Op-ed: NYC Pride Harmful to Bisexuals
I’ve been out and engaged in LGBT activism since 1999. In the spring of 2012 I birthed an actual child, which proved more difficult to recover from than any march, rally, or project launch. To celebrate walking again, we took our newborn, Storm, to the 2012 LA LGBT Pride Festival. We protected Stormy's hearing with a pair of "Baby Banz," strapped him to my chest in a sling, and were off.
Upon entry to the festival, one young man asked if he could hold Storm because he'd been forbidden to see his own nephews once he came out as a gay man. We allowed a brief cuddle and a sniff of newborn, which would have been lovely if the baby sling hadn't accidentally tangled with the young man's nipple ring. After we got untangled, he thanked us for being "good straight people," unlike the family that had rejected him.
My husband said, "Thanks, I'm straight but she's not," and I gave him a brief "Bi 101" on how bi people have the capacity to be attracted to more than one gender, and fall in love with whoever fits our own particular mold. As we walked through the festival, the conversation repeated itself, and each time I added a bullet point:
• The first “Gay Pride” was co-organized by a bisexual woman, Brenda Howard, the "Mother of Pride."
• Bi people make up half of the entire LGBT community.
• Bi people report higher rates of health and safety disparities; often inside other-sex relationships. For example 90% of bi women report having only male perpetrators of intimate partner violence.
In search of respite from the questioning, we visited the Los Angeles Bi Task Force booth at the festival, but the comments got worse as we stood there. Such microaggressions are commonly experienced by bi people in gay and lesbian spaces, and even occur in organizations that call for LGBT equality with one hand while making jokes about bi people with the other.
While I have massive respect for the 2014 NYC Pride Grand Marshals — Jonathon Groff, Rea Carey, and Laverne Cox — it was deeply upsetting to hear that NYC Pride only selected three individuals to represent the LGBT community. Even worse when bisexuals emailed, called, blogged and tweeted about this “oversight”, the organizers ignored us.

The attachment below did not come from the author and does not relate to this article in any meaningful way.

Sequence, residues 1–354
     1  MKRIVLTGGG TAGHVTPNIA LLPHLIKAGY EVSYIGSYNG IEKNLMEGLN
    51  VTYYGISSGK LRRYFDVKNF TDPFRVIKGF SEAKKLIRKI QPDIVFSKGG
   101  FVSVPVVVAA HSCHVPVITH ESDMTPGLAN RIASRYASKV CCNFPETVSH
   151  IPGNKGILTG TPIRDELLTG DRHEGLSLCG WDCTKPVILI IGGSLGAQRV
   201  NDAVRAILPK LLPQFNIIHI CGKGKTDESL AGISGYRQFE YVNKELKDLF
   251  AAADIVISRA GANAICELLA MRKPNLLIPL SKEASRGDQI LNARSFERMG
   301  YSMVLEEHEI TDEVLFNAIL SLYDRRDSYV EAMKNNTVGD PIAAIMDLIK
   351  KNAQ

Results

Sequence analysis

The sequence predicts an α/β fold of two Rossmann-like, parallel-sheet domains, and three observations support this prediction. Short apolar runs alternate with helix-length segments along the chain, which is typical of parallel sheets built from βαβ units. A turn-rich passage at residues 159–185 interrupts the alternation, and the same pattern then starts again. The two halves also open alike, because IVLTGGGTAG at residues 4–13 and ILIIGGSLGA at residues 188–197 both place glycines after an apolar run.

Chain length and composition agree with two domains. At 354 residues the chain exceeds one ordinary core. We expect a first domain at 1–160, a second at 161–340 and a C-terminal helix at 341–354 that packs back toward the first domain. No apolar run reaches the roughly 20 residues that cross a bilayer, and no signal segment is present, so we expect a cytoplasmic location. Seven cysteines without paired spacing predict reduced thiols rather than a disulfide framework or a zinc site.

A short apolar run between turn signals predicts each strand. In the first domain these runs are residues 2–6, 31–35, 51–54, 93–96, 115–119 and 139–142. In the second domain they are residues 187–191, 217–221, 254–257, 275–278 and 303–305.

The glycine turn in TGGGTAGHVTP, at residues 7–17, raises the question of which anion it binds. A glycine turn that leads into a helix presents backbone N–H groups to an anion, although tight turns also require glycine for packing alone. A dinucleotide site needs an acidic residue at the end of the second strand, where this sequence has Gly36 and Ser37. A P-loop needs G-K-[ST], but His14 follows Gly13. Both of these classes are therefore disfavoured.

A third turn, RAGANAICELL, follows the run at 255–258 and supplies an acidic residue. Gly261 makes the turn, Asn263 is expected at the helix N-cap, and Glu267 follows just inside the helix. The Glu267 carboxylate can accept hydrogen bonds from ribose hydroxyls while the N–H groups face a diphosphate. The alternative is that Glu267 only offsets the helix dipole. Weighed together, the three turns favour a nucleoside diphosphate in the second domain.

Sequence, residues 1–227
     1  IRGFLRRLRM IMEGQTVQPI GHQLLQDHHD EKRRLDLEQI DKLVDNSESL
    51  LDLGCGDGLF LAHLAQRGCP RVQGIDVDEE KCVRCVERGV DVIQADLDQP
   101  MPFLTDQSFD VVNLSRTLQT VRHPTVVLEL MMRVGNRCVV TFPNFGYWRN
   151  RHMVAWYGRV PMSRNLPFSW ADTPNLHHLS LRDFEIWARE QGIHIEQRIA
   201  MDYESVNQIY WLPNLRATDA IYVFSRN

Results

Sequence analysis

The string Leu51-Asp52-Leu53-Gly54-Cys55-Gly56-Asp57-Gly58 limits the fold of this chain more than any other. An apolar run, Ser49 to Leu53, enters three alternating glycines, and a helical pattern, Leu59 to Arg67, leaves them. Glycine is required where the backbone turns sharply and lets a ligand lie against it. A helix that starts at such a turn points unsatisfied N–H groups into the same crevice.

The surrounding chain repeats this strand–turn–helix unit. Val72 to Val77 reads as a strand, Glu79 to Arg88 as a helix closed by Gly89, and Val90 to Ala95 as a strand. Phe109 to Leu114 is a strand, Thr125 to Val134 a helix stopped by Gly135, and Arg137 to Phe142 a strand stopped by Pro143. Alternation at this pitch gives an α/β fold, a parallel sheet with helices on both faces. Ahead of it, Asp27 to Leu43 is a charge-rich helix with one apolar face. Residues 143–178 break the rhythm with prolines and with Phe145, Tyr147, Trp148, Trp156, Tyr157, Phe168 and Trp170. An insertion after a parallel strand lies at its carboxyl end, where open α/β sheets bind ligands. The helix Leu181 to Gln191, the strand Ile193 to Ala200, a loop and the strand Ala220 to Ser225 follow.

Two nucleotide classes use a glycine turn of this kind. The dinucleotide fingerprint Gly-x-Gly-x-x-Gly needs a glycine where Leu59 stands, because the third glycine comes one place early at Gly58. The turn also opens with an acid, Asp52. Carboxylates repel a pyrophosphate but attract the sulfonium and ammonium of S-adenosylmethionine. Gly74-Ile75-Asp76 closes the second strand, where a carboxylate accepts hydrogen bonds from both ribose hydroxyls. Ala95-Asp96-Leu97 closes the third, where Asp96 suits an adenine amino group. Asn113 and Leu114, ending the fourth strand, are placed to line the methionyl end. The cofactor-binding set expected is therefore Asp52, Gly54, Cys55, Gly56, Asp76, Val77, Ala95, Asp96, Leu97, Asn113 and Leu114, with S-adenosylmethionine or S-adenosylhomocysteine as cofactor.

Just to hammer home their disrespect for bi people, @NYCPride re-tweeted this joke, “She’s bi…coastal! @ddlovato will be grand marshal at @LAPRIDE and performing at @NYCPride"
Demi Lovato has bravely discussed surviving the very disparities many bisexuals report, but she has never identified herself as bisexual. I bet that Ms. Lovato is unaware that bisexuals are still being denied services in favor of a more convenient narrative that claims bisexual people experience "straight privilege." You know, the privilege that finds us more likely than our gay or straight peers to be raped, commit suicide, have cancer, or live in poverty.
That's correct, bi people are the least supported and least served minority group within the entire LGBT ecosystem, with just .01 % of all LGBT funding directed toward bisexual projects or programs since 1970. There is not a single national bisexual health initiative, even though bisexual people are the largest group within the LGBT community, nor does a single LGBT organization provide bisexual specific health services for the health concerns we consistently report experiencing (see 10-year summary of data here).
It’s fantastic that NYC Pride and L.A. Pride have both taken steps to be more transgender inclusive and transgender-affirming. I desire a world where all gender identities and expressions are treated with dignity and respect, but it must not come at the expense of more bisexual lives.
As Dr. Herukhuti, a bisexual sociologist, recently noted on Bilerico that bisexual erasure is psychic murder. I have lost friends to their own hand, and I believe that psychic murder leads to the very real and far too early deaths of bisexual people—hell, it almost lead to mine.
BiNet USA has commented on the lack of bisexuals acknowledged by Pride Festivals before. We are finding that suggestions for bi inclusion are roundly rejected as not being urgent enough alongside other important LGBT issues of immigration, transgender violence, and marriage equality. This approach plays into “Oppression Olympics,” we play ourselves against each other, instead of holding on to each other to build the massive groundswell needed to end homophobia, biphobia, acephobia, and transphobia.
No matter if we call ourselves pan, fluid, bi, or queer, a single word alone will never be enough to save us if people continue to dishonor complex sexualities. It will take the combined voices of those who have seen us rise from a lifetime of being alone, dejected, weak and afraid; because our troubles are just as real, and we have been brave enough, for long enough.
FAITH CHELTENHAM, president of BiNet USA, a national non-profit advocacy organization for bisexual people, co-organized the 2013 Bisexual Community Issues Roundtable at the White House along with Ellyn Ruthstrom, President of The Bisexual Resource Center. An LGBT activist for 15 years, Faith is an accomplished writer, slam poet and stand-up comic who lives in LA with her husband, step-daughter and son.
Sign the petition, “Stop Bisexual Erasure at NYC Pride.”
For photos of Brenda Howard at NYC Pride through the Years, visit BiNetUSA.org.